• billybob says:

      Tony it don’t make the case for reincarnation wrong, it makes the belief systems about reincarnation wrong. Not everyone reincarnates just a small percentage, that actually develop their energy or soul body to a level that it will survive the death of the body, but then everyone needs some form of security to cling to because of their lack of knowledge about life, death and reality that is why they believe that everyone comes back and many believe they will ascend to some place and still some believe they will be raptured, when people dont know they assume then they make belief systems out of it, than they are trapped by those for the duration of their life.

    • JP says:

      You are basing your ‘mathematics’ conclusion on an insufficient data set.

    • mothman77 says:

      But there are souls on every planet in the cosmos, in trillions of galaxies held within each of millions of different universes, and they migrate from planet to planet and not just from species to species.

      • Manj says:

        You took the words out of my month… most people think in limited terms that ideas, consciousness, etc.. cease to exist outside our planet… hahaha…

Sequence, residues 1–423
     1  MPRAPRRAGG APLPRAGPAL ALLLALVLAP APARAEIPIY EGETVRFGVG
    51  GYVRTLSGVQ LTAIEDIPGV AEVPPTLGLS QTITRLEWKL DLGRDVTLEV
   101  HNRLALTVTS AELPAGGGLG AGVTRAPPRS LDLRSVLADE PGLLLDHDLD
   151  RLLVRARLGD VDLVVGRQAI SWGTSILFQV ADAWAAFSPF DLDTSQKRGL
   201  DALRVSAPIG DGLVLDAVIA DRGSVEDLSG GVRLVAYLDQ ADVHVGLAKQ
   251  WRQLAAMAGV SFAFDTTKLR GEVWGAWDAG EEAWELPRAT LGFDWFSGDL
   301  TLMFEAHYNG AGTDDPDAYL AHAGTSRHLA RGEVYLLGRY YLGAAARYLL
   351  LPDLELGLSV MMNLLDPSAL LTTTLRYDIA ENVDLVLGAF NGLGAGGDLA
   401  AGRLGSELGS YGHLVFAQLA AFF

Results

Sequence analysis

4. mohman777 says:

    With reference to your understanding; “To the Hindu, the soul is essentially stuck in a never ending cycle of rebirth which can never be broken”.

    You would find reading about the Sikh knowledge of the eternal spiritual realm, known as Sach Khand deeply fascinating. This same realm is known to Vaishnavas, devotees of Lord Krishna, as Vaikuntha, an eternal spiritual realm in which all souls are normally situated without any beginning in time.

    Spiritual reality is an infinite mass of living souls that are themselves love, beauty and pure joy, that have not had to come into existence, as this is the ultimate reality, the state of things as they really are, beyond the beginning and the end of time.

    Time and the material world is recreated occasionally on a regular basis whenever a sufficient number of souls desire to experience an alternate reality to Vaikuntha, which is a mass of spiritual planets that are actually a variety of forms of Krishna Himself.

    No one is ever trapped forever in a continuous cycle of reincarnation, so no need to worry unneccessarily there. Being trapped like that would be a real nightmare.

    Our true nature is that we do not have an external body, but have eternal forms, that we can experience as part of our eternal soul nature on slightly differing spiritual levels in the spiritual world, thus in Goloka, the topmost planet, we would have two arms, whereas in the other vaikuntha planets surrounding Goloka, like petals surrounding the centre of a lotus flower, we could have a four armed form.

    In fact a soul has a variety of soul forms that are eternal within themselves, and which become manifest whenever we desire, in different types of transcendental relationships with Krishna, so we can be a flowering plant, a bee, a bird, a tree, a male or a female.